Sweden has been collecting data about its population in a structured way over a long period. This has been possible, and still is, because of our system of using unique personal identity numbers (“personnummer”).

A main rule in Swedish public administration is public access to information, which means that data collected and held within the public sector shall be made available to the general public on demand. There are a number of laws and ordinances that regulate the conditions on which a researcher may access register data, and how such data must be handled.

Limitations on access to Swedish register data due to confidentiality

Despite the main rule being public access to information, there are some data that are worthy of special protection, and must be kept confidential. The confidentiality of such data must be regulated in law. The confidentiality legislation contains provisions on when confidentiality may be breached in some cases, i.e. under certain conditions it may be possible to access the data, despite their confidentiality.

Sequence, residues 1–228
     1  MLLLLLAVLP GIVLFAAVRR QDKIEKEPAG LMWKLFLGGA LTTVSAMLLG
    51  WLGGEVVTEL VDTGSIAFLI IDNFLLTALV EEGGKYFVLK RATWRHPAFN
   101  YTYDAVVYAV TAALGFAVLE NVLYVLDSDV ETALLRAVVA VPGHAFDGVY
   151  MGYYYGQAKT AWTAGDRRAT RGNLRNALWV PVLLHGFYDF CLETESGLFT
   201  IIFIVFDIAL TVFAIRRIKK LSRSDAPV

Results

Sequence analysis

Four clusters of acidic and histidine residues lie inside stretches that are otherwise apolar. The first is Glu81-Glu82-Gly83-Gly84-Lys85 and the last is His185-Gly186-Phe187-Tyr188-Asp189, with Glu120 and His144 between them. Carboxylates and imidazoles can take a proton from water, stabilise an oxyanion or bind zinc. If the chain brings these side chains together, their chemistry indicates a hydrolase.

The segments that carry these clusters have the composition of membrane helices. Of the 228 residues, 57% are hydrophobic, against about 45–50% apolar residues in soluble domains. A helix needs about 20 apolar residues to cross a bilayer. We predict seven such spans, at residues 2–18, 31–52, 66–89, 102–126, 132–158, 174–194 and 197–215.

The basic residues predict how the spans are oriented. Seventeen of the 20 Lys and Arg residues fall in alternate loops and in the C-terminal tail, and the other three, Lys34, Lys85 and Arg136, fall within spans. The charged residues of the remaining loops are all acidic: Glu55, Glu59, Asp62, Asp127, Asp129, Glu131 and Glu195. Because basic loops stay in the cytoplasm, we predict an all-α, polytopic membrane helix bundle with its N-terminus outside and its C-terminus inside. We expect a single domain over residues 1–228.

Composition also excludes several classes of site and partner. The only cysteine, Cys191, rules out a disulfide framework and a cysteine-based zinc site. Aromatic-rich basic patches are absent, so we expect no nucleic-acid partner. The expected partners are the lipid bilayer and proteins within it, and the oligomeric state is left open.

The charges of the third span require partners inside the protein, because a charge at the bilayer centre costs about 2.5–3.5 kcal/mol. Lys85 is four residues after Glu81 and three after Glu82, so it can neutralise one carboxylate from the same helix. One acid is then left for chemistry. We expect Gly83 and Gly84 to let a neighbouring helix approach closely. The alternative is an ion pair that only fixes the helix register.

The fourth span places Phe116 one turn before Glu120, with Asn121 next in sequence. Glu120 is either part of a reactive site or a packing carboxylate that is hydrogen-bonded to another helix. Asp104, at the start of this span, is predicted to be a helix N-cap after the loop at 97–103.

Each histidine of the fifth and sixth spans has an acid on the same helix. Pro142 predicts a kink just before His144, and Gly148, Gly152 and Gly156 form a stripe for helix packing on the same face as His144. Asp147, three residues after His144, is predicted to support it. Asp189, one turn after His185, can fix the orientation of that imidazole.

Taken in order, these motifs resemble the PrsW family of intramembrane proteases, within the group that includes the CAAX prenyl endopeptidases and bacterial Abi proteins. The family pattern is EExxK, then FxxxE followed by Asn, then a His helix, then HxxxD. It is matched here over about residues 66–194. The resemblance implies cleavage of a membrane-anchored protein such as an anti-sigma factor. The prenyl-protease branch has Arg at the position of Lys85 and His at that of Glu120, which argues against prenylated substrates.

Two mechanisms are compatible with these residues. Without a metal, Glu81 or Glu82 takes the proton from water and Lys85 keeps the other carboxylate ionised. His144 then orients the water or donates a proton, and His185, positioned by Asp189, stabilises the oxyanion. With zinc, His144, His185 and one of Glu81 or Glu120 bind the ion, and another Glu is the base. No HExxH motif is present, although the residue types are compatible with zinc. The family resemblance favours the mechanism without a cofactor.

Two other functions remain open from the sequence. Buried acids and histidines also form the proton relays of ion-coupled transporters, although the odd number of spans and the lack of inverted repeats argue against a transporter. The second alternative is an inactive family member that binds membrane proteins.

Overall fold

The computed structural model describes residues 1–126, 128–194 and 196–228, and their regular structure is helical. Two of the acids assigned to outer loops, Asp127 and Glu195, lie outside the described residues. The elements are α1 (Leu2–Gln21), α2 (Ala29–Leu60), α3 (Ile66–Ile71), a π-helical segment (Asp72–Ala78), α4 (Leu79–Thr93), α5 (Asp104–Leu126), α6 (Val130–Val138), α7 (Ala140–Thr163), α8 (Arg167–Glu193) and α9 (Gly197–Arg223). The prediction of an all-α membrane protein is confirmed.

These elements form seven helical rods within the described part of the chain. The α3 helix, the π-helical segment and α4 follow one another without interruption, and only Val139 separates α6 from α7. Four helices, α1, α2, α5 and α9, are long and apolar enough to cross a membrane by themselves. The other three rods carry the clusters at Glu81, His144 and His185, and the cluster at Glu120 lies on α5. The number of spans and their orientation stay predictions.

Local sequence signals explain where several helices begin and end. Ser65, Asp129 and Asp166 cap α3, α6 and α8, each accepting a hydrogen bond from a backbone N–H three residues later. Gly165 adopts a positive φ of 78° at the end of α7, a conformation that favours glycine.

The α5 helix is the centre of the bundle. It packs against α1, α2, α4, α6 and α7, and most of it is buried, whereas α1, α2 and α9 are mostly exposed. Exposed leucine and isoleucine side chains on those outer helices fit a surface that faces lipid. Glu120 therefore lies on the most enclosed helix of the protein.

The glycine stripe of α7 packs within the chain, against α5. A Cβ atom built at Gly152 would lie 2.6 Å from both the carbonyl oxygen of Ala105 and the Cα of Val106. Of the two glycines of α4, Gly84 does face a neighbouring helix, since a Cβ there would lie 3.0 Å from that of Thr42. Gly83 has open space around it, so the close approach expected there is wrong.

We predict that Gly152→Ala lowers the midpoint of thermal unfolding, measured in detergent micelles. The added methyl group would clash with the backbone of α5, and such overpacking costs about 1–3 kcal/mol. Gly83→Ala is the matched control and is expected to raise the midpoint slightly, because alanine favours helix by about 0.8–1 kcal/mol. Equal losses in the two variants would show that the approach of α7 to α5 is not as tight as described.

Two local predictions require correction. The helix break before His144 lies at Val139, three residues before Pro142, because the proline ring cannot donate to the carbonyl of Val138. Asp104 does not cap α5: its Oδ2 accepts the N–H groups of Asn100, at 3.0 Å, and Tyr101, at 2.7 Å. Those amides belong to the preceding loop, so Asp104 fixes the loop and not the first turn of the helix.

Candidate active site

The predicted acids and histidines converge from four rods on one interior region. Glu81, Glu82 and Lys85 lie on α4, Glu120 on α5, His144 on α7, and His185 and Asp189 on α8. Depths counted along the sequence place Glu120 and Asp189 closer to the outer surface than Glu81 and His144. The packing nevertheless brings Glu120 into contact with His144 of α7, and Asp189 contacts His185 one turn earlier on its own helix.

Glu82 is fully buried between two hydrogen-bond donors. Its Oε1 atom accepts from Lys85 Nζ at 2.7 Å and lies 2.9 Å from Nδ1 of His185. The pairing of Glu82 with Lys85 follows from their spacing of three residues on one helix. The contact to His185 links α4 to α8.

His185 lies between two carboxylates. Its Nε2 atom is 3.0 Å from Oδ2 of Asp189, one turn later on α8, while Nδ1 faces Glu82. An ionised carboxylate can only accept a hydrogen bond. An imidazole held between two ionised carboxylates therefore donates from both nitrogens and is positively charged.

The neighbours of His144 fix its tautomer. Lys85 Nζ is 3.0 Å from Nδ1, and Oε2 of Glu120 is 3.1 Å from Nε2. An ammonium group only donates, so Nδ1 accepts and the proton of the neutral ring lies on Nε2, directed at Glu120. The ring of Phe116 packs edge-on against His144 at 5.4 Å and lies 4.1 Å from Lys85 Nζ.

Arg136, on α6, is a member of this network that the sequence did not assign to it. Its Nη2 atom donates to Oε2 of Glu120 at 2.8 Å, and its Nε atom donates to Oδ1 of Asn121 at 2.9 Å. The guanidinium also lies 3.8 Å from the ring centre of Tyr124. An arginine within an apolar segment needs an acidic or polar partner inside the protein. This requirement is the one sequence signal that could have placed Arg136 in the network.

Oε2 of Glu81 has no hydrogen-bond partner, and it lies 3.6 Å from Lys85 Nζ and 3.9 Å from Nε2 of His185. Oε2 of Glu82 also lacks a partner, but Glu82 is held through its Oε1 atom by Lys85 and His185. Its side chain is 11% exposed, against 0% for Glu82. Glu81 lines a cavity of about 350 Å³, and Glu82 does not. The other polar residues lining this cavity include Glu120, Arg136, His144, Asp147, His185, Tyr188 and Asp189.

The Public Access to Information and Secrecy Act is national, which means that even if there is a confidentiality-breaching rule that permits data to be disclosed, the data cannot be disclosed to anyone who is outside Sweden.

Further rules

In addition to the public access and confidentiality provisions, there are several sets of regulations that impact on how register data may be used and shall be handled in research. These regulations are primarily intended to protect the personal integrity of the persons whose data are used, as well as ethical rules, including requirements for ethical review.

Find out more

For further information about what is required for you, as a researcher, to access and use Swedish register data in your particular research, please contact an university or higher education institution in Sweden.

Published on 21 March 2018


Updated on 17 September 2019